Lynn G. Nelson also promotes conscious, controlled breathing for well-being and better writing. After outlining steps for a deep, focused breathing exercise in Writing and Being: Embracing Your Life Through Creative Journaling, he summarizes the benefits:
Your journal  and  your breathing, your writing and your being, work hand in hand, each helping the other. Use this exercise often, in relation to specific issues and simply as regular writing-relaxation exercise activity. As you do this, you will notice your writing and  your breathing and your being become lighter and freer. 
Throughout his book he offers both writing and breathing exercises that lead to relaxation, powerful self-discovery,  and meaningful, authentic writing.

My father can't breathe right now.
He is in ICU on a ventilator.  It regulates his breath and breathes for him.
He has been unable to pass the weaning trials that would allow the doctors to remove the breathing tube.

We sit in his room and watch his breathing and ask questions about his breathing, and pray about his breathing.

We are acutely aware of breathing, his and our own.
We want him to breathe again.


In the Columbus Area Writing Project Summer Institute, we do a lot a breathing. One of our co-directors, Kevin Cordi, makes certain that we take time to breathe in, breathe out throughout our day.
Click here to read my  poem, Breathing  In and Breathing Out written for Kevin on his 40th birthday.  


 Today's Deeper Writing Possibilities

Pay attention to your own breathing. You  may want to try one of the breathing exercises suggested on Dr. Weil's website.

Write about your experience. What did you notice about your breathing?  What thoughts occurred as you are minding your breath? What surprises you about the experience?

Write a poem or essay about breathing.

Saturday, January 4, 2014


What are you waiting for?

Waiting  is such a strange state.
It takes us away from our normal world and regular activities, placing us in a holding pattern, a limbo state.

We spend much of life waiting for life to happen.

We have special rooms designed just for waiting.
We sit quietly waiting for appointments in offices, procedures in hospitals,  turns at the counter or the window, news we are expecting, and impending events--we wait and we wait...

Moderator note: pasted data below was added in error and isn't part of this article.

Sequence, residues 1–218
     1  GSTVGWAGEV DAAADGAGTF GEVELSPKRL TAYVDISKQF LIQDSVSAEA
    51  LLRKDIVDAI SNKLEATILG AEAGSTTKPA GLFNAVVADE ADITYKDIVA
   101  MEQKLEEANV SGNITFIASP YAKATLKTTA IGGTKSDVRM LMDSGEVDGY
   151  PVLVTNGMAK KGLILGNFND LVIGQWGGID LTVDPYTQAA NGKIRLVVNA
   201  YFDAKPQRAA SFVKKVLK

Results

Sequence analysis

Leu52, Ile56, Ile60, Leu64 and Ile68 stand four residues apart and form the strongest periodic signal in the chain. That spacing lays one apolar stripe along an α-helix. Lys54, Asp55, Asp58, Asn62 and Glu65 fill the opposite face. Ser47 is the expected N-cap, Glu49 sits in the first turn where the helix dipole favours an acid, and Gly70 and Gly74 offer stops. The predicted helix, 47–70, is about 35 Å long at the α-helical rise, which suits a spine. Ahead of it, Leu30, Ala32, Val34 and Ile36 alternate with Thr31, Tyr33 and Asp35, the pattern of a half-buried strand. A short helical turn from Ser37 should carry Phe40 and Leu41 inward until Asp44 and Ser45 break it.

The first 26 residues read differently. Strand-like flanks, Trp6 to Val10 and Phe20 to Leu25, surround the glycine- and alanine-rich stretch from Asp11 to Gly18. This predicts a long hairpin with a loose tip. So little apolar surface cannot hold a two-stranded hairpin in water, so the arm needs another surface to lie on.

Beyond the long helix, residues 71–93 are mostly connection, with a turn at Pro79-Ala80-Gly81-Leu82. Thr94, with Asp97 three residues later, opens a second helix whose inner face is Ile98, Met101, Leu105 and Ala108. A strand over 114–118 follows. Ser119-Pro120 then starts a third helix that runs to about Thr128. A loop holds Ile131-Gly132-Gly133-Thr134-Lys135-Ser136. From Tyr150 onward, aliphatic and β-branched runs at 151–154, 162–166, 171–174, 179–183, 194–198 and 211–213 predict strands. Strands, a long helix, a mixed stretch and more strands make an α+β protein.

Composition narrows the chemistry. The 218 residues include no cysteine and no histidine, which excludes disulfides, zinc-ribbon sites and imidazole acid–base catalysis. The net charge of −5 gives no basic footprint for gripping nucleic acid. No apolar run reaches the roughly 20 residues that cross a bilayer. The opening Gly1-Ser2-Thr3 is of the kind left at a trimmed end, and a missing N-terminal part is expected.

Waiting takes up much of our time.

And what do we do while wait?
We read our books while waiting for our financial planner, our lawyer, or our next business meeting.
We write emails while waiting for the movie to start,  doors to open, the check-out line to move.

Sometimes waiting is happening against the backdrop of life marching forward.
We wait on our loved ones to return home, for the baby to be born, for the much needed vacation to start-- while in the meantime we go about our routine activities.

Faith Wilding writes about  everyday-everyman-everywoman waitings --all the various ordinary waiting experiences we suffer or enjoy -- from infancy to adulthood, and all the childish hopes and teenage angst in between--in Waiting: a Poem.

Waiting . . . waiting . . . waiting . . . 
Waiting for someone to come in 
Waiting for someone to hold me
Waiting for someone to feed me 
Waiting for someone to change my diaper
Waiting . . .

Waiting can be a wishing for or a hoping against --  we can be waiting for our ship to come in or hoping the other shoe does not drop.

What are you waiting for?

Waiting can be an eternal hope-- as we wait on divine promises.

What are you waiting for?

I have been waiting during the last days of 2013 and these first days of 2014-- my father has been in the hospital two times in two weeks.
He is still here.

We have waited for nurses and techs to come, for procedures to happen, for reports to be given, for beeps to be turned off or turned on, and tubes to be connected or disconnected, for food, for news, for family members ... we have waited...

 In the Waiting Room by Elizabeth Bishop captures this waiting room experience from a child's view and takes it beyond to a dream state. After hours in the ICU waiting room with my dad, this poem begins to capture my thoughts.

...It was winter. It got dark
early. The waiting room
was full of grown-up people,
arctics and overcoats,
lamps and magazines.
My aunt was inside
what seemed like a long time
and while I waited I read
the National Geographic
(I could read) and carefully
studied the photographs:
the inside of a volcano,
black, and full of ashes;
then it was spilling over
in rivulets of fire... 

Dr. Seuss approaches waiting differently. He considers waiting  to be  a useless and unnecessary activity  as we venture out into the world. In Oh, The Places You'll Go!,  he warns against arriving in this Waiting Place.

Waiting for a train to go or a bus to come
or a plane to go or the mail to come,
or the rain to go or the phone to ring,
or the snow to snow or waiting around for a Yes or No
 waiting for their hair to grow.
Everyone is just waiting...
He instead suggests that smart, ambitious folks make things happen along the way to avoid the waiting and staying.

 Click here to read  The Waiting Place by Dr. Seuss.
 Click here to  read the complete text from which it is excerpted, Oh the Places You'll Go.